The Halsey Institute of Contemporary Art is pleased to present the exhibition The Image Hunter: On the Trail of John James Audubon, featuring new work by the Italian artist Hitnes. The exhibition and its related programming have been developed as a special research initiative by the Halsey Institute to honor the importance of Charleston to Audubon’s legacy.
John James Audubon spent the early decades of the nineteenth century tracking birds and drawing them with the goal of creating a compendium of all of the birds in the United States. Charleston played an important role in Audubon’s work as he kept a studio here in the home of his friend and fellow naturalist John Bachman. Audubon searched for specimens on the Sea Islands off of Charleston’s coast, and he even included the city’s distinctive skyline from the 1830s—replete with church steeples—in his drawing of the long-billed curlew.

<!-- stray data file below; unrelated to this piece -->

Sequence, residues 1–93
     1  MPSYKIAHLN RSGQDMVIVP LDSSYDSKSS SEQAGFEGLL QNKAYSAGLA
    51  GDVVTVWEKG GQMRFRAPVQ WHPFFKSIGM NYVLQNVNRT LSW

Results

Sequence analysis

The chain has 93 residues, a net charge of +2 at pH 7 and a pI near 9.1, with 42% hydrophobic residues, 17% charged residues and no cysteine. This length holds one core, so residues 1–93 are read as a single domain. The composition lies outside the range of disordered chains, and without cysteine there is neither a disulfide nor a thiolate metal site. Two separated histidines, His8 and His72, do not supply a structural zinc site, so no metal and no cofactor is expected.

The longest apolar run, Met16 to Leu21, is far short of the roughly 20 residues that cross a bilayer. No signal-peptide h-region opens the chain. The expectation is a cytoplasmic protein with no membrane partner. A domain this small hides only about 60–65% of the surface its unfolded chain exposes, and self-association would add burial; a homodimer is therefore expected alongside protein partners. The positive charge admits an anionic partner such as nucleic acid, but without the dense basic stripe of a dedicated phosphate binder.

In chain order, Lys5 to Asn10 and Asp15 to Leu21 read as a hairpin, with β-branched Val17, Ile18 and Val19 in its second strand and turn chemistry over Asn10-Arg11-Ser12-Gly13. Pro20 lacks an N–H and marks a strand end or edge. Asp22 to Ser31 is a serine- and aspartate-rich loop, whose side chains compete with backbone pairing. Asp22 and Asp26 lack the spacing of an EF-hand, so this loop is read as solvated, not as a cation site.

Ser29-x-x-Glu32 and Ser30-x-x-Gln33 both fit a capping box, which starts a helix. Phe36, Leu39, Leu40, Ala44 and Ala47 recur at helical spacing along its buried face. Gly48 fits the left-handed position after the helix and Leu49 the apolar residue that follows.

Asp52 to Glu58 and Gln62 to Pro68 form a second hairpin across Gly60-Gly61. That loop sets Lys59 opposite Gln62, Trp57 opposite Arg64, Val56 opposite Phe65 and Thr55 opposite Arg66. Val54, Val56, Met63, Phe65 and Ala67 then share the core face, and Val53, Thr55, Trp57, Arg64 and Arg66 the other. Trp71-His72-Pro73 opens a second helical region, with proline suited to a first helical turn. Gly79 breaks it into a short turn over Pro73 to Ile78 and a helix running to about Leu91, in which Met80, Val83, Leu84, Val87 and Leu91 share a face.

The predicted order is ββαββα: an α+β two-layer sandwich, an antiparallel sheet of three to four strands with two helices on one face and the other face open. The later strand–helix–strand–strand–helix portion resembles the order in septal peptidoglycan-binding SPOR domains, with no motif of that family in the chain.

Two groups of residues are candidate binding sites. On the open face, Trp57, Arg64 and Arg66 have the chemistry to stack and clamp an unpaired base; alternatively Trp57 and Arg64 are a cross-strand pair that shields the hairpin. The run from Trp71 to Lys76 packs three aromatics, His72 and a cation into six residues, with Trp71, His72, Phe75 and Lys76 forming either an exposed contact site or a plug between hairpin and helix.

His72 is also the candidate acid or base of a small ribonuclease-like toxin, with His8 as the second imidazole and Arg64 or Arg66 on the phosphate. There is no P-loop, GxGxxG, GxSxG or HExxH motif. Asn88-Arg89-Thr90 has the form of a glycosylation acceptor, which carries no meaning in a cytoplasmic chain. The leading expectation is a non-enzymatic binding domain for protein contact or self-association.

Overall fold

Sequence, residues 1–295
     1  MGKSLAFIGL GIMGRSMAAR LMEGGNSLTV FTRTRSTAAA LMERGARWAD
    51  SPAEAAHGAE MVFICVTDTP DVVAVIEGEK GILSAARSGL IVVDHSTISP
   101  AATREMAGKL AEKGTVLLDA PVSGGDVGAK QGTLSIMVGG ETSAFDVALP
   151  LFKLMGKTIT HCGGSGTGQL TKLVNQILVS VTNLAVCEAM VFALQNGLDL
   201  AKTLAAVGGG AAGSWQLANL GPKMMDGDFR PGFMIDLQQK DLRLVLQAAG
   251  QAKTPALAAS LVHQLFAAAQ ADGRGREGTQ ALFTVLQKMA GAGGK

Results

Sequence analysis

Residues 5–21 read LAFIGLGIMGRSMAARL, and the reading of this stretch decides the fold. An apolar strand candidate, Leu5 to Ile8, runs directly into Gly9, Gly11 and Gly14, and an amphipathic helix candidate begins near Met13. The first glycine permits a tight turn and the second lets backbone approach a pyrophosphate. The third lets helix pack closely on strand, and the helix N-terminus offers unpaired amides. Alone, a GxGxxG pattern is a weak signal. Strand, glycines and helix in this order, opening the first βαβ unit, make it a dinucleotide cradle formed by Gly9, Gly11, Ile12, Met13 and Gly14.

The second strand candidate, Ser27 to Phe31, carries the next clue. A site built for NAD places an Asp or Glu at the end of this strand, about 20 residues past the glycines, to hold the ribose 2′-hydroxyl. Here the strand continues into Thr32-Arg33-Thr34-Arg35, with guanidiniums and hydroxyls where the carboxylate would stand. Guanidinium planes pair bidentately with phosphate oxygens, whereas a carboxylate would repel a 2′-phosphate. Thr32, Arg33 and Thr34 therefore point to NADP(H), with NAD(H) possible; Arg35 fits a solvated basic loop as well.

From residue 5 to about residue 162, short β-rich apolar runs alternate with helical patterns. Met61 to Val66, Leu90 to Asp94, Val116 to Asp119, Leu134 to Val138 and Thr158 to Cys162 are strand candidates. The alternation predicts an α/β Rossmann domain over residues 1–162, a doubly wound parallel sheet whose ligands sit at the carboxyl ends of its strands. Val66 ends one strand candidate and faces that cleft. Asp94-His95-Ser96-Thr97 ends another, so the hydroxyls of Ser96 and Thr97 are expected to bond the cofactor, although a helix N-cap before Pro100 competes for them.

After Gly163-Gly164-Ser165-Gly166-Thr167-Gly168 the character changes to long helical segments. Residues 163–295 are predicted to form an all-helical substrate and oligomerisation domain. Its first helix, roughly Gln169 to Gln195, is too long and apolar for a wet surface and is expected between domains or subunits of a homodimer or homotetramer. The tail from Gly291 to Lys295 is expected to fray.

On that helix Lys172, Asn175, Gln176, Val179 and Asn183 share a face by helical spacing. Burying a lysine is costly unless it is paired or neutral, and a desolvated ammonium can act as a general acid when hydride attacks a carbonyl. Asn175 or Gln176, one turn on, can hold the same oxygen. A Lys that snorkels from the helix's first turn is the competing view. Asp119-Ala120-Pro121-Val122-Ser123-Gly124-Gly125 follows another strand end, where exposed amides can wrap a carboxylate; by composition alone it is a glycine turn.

Nearly two hundred years later, the Italian painter and muralist Hitnes embarked on a twenty-city road trip to retrace and rediscover the America that Audubon traversed in the making of his opus TheBirds of America (1827–39). Traveling along Audubon’s exploratory routes, Hitnes sketched and painted what he saw, creating an updated visual documentation of the birds Audubon painted. This body of work, along with objects and ephemera collected along the journey, will be on view at the Halsey Institute beginning in August 2018. The exhibition follows Hitnes’s residencies in Charleston at the Halsey Institute in the Summers of 2017 and 2018.
OPENING RECEPTION | The Image Hunter: On the Trail of John James Audubon